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Old 08-19-2016, 11:07 AM
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Join Date: Mar 2000
Location: Faber, VA
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Quote:
Originally Posted by Quartz View Post
You have four tricks on top and 19 HCP between the two hands. Assuming the lead is a standard 4th highest, you must win the opening lead. That's 5 tricks. You appear to have three spade losers, and the opener holds SA. From the lead, I'll tentatively put SQJx HAJxx with RHO and SAxxx HKxx with LHO. RHO is the danger hand. So, cross to dummy with DQ and play a small club to your Jack. If LHO wins and starts on spades, your S10 becomes good. If RHO plays CK or CQ over your club lead, cover it and play the CJ to make two club tricks in dummy for tricks 6 and 7.
Good thoughts.

When my partner and I played in Washington, we were having a run of good luck. With the exception of poor play in the Gold Rush Knockouts on Friday, we were at least scratching in every event. Twice we came in second place in side pair games and we got good gold points on Saturday.

On Friday night we played in the Midnight Cappelletti Knockouts, which were hosted by a son of the bridge great player Cappelletti in remembrance of his brother who had recently died. Nearly everyone had a beer or carried a bottle of something. It was a Swiss game and we were paired with a nice couple of older ladies who were a bit stunned by all the alcohol.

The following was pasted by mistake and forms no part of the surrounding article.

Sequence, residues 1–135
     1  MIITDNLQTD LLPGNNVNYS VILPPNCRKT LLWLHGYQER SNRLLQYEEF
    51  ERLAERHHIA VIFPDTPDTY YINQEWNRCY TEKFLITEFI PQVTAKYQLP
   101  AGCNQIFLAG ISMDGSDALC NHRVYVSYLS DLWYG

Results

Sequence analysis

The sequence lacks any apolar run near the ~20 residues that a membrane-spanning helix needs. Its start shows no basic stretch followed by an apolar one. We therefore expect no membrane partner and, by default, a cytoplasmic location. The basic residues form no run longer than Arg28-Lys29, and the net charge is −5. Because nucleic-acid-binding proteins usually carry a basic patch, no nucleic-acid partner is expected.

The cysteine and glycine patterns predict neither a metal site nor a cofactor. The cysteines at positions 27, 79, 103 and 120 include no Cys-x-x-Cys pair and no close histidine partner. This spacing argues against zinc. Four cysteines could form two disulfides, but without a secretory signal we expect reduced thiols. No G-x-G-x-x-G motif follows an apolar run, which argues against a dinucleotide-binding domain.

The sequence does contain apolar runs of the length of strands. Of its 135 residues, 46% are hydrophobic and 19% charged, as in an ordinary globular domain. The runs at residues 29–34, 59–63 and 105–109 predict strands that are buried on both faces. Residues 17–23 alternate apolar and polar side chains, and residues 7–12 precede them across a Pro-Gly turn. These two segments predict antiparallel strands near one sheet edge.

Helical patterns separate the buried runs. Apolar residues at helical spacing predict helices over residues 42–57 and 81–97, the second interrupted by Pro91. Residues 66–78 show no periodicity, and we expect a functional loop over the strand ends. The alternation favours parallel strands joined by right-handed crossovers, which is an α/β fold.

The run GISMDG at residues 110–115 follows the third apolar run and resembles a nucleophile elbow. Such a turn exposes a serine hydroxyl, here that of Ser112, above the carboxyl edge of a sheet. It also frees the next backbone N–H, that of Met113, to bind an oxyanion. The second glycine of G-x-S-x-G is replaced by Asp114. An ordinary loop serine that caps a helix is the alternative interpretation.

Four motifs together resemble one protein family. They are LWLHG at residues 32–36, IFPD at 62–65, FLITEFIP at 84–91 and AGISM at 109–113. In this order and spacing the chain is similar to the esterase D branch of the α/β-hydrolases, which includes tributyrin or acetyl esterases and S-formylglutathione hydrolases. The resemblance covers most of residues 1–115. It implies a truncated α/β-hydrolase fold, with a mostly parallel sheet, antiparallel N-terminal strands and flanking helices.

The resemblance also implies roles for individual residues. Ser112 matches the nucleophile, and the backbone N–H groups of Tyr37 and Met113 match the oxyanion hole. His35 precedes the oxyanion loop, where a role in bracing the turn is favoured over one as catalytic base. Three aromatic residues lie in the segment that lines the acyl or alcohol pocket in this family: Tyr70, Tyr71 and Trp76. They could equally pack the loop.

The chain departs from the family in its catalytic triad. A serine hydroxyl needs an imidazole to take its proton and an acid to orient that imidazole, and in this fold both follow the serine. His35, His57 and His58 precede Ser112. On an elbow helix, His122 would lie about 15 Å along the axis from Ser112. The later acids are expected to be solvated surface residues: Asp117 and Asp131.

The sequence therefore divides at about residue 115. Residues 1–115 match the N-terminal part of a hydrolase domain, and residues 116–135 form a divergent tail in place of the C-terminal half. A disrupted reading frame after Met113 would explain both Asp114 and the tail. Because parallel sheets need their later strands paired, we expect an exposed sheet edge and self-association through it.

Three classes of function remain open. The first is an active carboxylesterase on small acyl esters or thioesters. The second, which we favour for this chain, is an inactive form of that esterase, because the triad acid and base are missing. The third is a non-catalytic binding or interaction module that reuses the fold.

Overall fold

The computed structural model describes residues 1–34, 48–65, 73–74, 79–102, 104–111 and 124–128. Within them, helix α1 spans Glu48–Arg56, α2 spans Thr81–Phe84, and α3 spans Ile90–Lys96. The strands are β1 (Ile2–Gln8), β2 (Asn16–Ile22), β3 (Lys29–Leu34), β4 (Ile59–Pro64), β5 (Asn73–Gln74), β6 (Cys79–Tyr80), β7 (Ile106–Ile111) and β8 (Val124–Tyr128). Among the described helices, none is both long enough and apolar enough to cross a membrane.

As luck would have it, we were up against the Cappelletti family team foursome in the first Knockout round. They were nice folks, obviously a bit tipsy, and absurdly good bridge players. We were destroyed. My only high point was to bid a 3 no trump game on a long club suit and a prayer. It made, and was not bid at the other table. Despite that, we were sent packing. I went to bed but my partner hung around and ended up doing caddy duty from the hotel bar for the remaining players who were buying rounds for everyone.

Anyway, the deal I posted above was from a side Pairs game played Sunday morning, our last session before we had to leave and go back home. At the very first table I made a misplay that cost us our game bid. Partner was chagrined, which probably led to his extreme misplay at the next table. Opps made their unmakeable game...doubled. Now we knew we had two bottoms. At the third table we did poorly as well. This was obviously going to be a bad way to end our four days of bridge. So, tired and irked, we agreed after the third round to throw caution to the wind, bid crazy, and just have fun at the remaining tables.

This strategy seemed to help, and we had some moderately good boards before the hand I posted above.